You’d better smile if you call ex-SR colleague Erica Curless “horse whisperer.” If you’re lucky, she’ll repeat the line she heard earlier this fall at the Prairie Winds Equine Massage Therapy College in Colorado from founder Michael Stenson re: horse whispering: “There is no element of mystery or of special talkers and skills and abilities.” If you’re not lucky, she’ll say, as Stenson does: “That’s all crap.” Erica’s beginning a new career as a certified EMT. (Read: Equine Massage Therapist, for those of you keeping score at home.) “Massage isn’t just for human athletes,” Erica told Huckleberries. “Horses and dogs also benefit from bodywork. The idea isn’t just relaxation but to get the muscles to work together and rebalance so the horse or dog can move better – meaning better performance whether it’s rodeo, polo or dressage horses or herding, hunting or service dogs.” Erica named her business Dog and Pony Show. You can schedule an appointment by calling her at (509) 991-7314 (Liberty Lake). Or you can send her a get-well card. Adding injury to the insult of getting laid off while studying massage, Erica was stepped on by a horse. Which broke her foot. Otherwise, she’s off and running in her new career.
Winning isn’t everything
Earlier this fall, Family Phil Corless found himself in one of those situations that occasionally confronts parents. No one was available to coach his son’s soccer team, comprised of boisterous fourth- and fifth-grade boys. So he volunteered (as reluctant soldiers do). As Phil explains in his popular blog, A Family Runs Through It, he had one thing going for him: “The boys were blissfully unaware of my almost complete lack of knowledge of the game of soccer.” Sure, Phil knows that the object of the game was to kick the ball into the opposing goal. So he practiced useful running-and-passing drills. Which helped the boys stay close in most games (except the one where a wunderkind named James kicked seven goals while his coach yelled out team strategy: “Get the ball to James”). But Phil’s crew lost all six games. Phil admits that the losses upset him more than his charges who were “happy just to run all over the grass field kicking a ball around with their buddies.” Phil sez he’s going to hang up his clipboard and let another parent take over next year. But he does have one memory he’ll cherish from this season. Phil: “I especially liked seeing the goofy smile on my son’s face when he kept calling me ‘Coach.’ ” Score!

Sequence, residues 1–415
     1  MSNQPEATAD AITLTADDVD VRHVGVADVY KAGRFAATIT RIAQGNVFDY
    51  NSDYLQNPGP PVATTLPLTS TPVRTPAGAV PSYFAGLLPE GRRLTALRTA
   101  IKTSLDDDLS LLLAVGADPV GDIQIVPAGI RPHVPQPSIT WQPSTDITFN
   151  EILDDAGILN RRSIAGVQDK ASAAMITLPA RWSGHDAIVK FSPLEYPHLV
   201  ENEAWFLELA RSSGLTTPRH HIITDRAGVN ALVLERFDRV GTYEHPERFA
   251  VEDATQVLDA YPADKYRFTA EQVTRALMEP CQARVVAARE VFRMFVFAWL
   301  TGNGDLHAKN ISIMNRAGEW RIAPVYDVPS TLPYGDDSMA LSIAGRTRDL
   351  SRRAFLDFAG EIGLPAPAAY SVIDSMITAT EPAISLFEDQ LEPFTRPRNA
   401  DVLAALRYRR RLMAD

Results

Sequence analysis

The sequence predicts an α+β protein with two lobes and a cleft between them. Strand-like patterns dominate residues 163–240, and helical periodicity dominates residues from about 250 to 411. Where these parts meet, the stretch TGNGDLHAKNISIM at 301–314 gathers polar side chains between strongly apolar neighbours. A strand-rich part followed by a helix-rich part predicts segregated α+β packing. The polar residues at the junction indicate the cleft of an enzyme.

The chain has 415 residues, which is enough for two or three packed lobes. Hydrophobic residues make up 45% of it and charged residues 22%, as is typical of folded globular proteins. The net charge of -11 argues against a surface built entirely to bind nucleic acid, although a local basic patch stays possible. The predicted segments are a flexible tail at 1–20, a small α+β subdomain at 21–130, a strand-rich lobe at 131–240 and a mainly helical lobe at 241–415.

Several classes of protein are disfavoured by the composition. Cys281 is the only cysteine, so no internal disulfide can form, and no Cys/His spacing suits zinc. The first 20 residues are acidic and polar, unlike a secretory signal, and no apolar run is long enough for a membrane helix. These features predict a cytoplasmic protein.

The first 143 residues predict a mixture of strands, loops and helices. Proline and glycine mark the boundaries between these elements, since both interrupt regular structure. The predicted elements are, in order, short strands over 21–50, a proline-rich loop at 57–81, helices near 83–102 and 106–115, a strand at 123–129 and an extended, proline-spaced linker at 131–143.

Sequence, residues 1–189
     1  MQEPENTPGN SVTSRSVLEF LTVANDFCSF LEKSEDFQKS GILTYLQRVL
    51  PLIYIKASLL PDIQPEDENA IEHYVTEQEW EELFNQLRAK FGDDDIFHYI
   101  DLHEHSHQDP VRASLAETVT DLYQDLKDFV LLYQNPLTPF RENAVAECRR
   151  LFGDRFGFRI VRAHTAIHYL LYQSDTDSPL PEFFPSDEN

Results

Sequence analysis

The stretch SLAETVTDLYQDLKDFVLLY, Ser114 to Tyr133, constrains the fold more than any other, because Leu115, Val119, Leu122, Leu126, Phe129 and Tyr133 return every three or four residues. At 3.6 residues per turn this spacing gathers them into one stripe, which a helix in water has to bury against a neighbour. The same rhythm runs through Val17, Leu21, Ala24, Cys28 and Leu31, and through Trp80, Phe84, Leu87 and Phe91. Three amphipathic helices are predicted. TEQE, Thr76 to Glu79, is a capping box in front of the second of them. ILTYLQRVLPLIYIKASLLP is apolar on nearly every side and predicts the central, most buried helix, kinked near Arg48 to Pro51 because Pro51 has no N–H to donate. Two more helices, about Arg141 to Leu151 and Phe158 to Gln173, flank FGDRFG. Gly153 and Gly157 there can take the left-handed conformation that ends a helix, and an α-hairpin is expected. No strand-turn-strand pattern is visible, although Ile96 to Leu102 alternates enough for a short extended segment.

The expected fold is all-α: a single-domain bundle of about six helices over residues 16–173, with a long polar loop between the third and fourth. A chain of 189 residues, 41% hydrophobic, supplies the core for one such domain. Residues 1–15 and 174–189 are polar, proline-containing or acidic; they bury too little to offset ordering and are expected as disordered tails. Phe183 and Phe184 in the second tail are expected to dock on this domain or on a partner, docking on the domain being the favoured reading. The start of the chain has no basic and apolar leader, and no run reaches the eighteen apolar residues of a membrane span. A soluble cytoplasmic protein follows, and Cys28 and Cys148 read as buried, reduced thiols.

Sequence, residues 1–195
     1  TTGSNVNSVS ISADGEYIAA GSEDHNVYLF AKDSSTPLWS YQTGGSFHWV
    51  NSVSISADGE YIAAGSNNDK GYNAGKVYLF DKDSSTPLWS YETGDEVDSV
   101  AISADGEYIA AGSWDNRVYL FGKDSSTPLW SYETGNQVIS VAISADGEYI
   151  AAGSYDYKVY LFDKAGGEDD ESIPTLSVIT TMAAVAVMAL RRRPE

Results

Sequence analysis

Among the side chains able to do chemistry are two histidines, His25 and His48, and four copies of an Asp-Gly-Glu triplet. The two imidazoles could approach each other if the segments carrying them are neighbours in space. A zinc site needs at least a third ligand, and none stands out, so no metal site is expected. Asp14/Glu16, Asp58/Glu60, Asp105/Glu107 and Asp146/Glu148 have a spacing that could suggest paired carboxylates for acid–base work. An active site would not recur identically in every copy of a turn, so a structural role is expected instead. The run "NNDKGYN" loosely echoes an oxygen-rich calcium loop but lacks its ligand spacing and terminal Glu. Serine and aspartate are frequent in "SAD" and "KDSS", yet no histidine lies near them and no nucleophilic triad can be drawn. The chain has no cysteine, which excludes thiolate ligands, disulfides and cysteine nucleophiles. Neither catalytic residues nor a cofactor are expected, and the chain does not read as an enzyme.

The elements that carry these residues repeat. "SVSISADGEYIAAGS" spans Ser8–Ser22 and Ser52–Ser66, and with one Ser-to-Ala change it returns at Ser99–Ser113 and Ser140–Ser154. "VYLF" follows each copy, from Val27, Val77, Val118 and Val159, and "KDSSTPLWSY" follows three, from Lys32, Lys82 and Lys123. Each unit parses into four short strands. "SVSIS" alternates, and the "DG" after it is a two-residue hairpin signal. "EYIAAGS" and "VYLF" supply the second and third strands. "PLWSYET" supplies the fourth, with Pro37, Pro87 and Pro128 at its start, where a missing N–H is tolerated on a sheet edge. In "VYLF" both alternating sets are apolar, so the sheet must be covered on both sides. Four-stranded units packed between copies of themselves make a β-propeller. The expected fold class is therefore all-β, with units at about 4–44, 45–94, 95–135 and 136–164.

Poet’s Corner: They ran like the wind,/they passed straight and true;/they blew the poor Cougs/right out the Wazoo – The Bard of Sherman Avenue (“USC”) … Scanner Traffic: At 12:55 p.m. Tuesday, Huckleberries Online reported: “Local employer requests assistance in terminating a male employee.” To which Berry Picker Dennis quipped: “Has anyone heard from DFO in the last 20 minutes?!?!” … Speaking of news biz layoffs, Taryn Hecker (Erica Curless’ partner in the two investigative stories mentioned above) has landed part-time gigs with a nonprofit organization in Spirit Lake and Tom Burnett’s Rathdrum Star … In the “Where Have All The Hummers Gone” Dept., Berry Picker Kevin Taylor/Inlander observes: “On my way to work this morning I was next to a giant-ass, two-story, fully equipped Hummer. Shiny white. It hit me that I hadn’t seen one in months.” Good riddance.
At Huckleberries Online, we debated the need for a stoplight at Kathleen Avenue, between Fred Meyer and the CdA Charter Academy, where a speed racer killed 14-year-old Isaac Norris two years ago. Berry Picker Big Mac nailed my position thoughts: “That fatality accident was caused by someone breaking the law. I can’t see how a new law would have stopped that person. Do we think that someone traveling 70 mph in a 35 mph zone would stop for a light? Try enforcing the laws we have. Get police patrolling that strip of Kathleen. Start handing out tickets.” Others suggested that a more reasonable approach than a stoplight would be to eliminate the left-hand turns across two lanes of traffic from the charter school and Fred Meyer parking lots. What about you?